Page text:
Kitab Rohmatul Ummah: A Book of Mercy for the Ummah in the Differences of the Imams
Kitab Rohmatul Ummah is a classical book written by Abu Abdillah Muhammad bin Abdurrahman al-Dimasyqi al-‘Utsmani, a scholar from Damascus who lived in the 13th century CE. The book discusses the reasons and benefits of the differences of opinions among the four major schools of Islamic jurisprudence: Hanafi, Maliki, Shafi’i and Hanbali. The author argues that these differences are a mercy for the ummah (the Muslim community) as they allow for flexibility and diversity in applying the Islamic law according to different contexts and circumstances.
The book is divided into three parts: the first part deals with the general principles of ijtihad (independent reasoning) and taqlid (following a qualified jurist); the second part explains the causes of differences among the imams, such as linguistic, methodological, evidential and contextual factors; and the third part provides examples of some disputed issues and how each school has its own valid interpretation based on its own sources and reasoning.
Kitab Rohmatul Ummah is a valuable resource for anyone who wants to learn more about the history and development of Islamic jurisprudence, as well as to appreciate the diversity and richness of the Islamic legal tradition. The book also promotes tolerance and respect among Muslims who follow different schools of thought, and encourages them to seek knowledge and understanding rather than conflict and division.
You can download Kitab Rohmatul Ummah in PDF format from various websites, such as , , or . However, please note that these are scanned copies of the original Arabic text, and there may be some errors or missing pages. If you want to read a translation or commentary of the book in English or other languages, you may have to look for other sources or wait for future publications.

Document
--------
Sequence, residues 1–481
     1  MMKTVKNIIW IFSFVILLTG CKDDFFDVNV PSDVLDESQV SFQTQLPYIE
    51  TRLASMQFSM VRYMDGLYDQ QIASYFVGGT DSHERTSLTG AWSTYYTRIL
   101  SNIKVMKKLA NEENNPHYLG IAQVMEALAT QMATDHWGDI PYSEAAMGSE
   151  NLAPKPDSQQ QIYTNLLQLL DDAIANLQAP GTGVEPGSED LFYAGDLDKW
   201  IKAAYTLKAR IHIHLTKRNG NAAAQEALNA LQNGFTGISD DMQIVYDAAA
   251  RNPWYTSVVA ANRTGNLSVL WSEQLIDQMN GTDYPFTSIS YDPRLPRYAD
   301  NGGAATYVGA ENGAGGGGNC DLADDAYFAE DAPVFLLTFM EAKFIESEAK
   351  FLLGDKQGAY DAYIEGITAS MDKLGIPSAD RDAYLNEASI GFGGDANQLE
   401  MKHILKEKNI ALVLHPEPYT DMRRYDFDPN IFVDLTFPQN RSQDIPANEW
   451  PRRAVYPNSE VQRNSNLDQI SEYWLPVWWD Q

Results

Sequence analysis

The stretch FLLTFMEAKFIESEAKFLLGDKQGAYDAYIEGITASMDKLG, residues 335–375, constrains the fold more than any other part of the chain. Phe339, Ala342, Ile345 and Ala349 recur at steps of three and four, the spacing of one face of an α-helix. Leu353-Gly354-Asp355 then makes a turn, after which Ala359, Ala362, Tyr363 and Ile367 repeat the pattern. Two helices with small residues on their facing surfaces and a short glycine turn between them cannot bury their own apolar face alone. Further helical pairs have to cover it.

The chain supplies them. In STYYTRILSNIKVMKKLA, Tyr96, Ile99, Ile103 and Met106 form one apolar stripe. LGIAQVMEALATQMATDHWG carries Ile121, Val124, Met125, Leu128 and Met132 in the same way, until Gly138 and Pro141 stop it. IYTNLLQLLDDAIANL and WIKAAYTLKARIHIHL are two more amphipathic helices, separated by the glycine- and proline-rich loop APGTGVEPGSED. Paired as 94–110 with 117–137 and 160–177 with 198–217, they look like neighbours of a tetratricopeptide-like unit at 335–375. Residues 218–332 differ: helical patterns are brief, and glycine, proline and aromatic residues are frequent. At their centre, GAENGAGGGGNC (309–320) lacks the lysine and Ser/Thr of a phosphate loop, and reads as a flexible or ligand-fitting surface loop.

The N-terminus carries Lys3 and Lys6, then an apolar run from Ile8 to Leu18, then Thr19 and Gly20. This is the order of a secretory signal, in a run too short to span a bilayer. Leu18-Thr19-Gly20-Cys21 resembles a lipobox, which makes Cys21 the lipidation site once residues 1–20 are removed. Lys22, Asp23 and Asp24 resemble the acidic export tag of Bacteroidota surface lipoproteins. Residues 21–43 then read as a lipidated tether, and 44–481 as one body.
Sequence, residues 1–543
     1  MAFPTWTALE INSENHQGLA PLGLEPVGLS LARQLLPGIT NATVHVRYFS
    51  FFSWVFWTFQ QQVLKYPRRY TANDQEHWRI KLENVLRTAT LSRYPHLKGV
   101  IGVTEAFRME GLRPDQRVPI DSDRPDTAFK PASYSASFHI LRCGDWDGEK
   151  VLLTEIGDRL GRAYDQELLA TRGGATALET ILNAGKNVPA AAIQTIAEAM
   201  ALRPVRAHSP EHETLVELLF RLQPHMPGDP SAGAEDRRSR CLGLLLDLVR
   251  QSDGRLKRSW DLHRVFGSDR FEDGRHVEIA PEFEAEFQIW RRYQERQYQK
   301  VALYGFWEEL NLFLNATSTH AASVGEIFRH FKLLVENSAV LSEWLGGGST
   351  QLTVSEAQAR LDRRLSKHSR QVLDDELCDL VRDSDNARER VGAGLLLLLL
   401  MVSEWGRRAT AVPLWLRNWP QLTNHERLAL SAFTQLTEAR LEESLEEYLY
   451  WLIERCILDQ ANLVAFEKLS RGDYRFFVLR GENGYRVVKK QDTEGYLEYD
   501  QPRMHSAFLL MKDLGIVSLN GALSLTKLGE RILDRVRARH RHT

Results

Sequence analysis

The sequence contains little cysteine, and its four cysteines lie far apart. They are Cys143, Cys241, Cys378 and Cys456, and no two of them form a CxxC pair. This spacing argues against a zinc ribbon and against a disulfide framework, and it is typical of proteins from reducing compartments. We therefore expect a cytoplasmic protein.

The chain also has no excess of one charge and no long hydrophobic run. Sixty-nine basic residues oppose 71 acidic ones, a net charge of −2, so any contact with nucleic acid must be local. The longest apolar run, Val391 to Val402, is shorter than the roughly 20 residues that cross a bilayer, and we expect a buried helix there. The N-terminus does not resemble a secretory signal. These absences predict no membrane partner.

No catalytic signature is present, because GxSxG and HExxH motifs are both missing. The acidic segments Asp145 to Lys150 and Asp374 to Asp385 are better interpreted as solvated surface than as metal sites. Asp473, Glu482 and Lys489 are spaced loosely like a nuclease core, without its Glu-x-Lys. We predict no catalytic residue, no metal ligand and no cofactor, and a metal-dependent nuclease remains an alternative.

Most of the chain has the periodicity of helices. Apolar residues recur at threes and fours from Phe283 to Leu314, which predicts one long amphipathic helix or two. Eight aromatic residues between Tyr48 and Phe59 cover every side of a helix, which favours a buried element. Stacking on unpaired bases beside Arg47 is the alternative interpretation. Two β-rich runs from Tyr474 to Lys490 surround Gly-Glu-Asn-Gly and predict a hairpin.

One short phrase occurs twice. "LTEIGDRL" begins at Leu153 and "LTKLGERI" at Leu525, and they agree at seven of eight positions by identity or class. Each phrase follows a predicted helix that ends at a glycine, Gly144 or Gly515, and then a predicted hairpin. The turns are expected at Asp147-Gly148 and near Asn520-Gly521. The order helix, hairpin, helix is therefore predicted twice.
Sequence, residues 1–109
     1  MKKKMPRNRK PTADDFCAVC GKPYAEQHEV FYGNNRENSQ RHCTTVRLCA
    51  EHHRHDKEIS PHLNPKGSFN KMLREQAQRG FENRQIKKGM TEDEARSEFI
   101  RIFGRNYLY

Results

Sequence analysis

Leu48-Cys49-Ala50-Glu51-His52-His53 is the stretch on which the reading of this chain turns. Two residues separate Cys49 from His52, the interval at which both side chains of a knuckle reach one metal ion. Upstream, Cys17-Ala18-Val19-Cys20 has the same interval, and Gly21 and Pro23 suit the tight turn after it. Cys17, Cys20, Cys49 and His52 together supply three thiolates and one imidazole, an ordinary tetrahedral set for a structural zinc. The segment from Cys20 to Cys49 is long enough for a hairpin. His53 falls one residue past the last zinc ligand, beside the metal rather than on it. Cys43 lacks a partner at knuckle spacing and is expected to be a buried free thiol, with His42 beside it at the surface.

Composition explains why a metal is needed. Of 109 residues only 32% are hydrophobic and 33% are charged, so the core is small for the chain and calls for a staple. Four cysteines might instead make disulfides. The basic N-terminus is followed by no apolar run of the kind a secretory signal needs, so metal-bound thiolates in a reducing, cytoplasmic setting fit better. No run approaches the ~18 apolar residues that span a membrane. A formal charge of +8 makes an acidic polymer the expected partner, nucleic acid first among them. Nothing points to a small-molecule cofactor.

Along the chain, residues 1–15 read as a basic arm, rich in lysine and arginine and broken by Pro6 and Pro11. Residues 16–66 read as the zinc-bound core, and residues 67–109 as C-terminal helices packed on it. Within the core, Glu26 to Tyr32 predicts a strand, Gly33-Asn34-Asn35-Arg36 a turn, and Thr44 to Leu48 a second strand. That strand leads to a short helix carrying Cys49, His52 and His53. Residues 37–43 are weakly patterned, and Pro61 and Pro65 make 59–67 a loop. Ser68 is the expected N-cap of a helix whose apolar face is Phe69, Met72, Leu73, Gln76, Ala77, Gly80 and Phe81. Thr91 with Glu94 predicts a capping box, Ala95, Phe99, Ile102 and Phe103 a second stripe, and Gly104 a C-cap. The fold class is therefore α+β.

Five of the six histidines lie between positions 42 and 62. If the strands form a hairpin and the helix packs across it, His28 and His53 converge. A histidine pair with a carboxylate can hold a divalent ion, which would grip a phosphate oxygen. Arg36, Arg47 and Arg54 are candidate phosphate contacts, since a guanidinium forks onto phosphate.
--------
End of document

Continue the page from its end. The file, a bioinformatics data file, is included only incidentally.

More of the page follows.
In this article, we will explore some of the main topics and arguments that Kitab Rohmatul Ummah covers in its three parts. We will also highlight some of the benefits and wisdoms that the author derives from the differences of opinions among the imams.
Part One: The Principles of Ijtihad and Taqlid
The first part of Kitab Rohmatul Ummah lays down the foundations of Islamic jurisprudence and the roles of ijtihad and taqlid. Ijtihad is the process of deriving legal rulings from the primary sources of Islam: the Quran and the Sunnah (the teachings and actions of Prophet Muhammad). Taqlid is the act of following a qualified jurist who has performed ijtihad on a certain issue.
The author explains that ijtihad is a duty for those who have the necessary knowledge, skills and qualifications to perform it. He also clarifies that ijtihad is not limited to a specific time or place, but rather it is an ongoing and dynamic process that responds to new situations and challenges. He cites many examples of how the companions of the Prophet and their successors practiced ijtihad in various matters.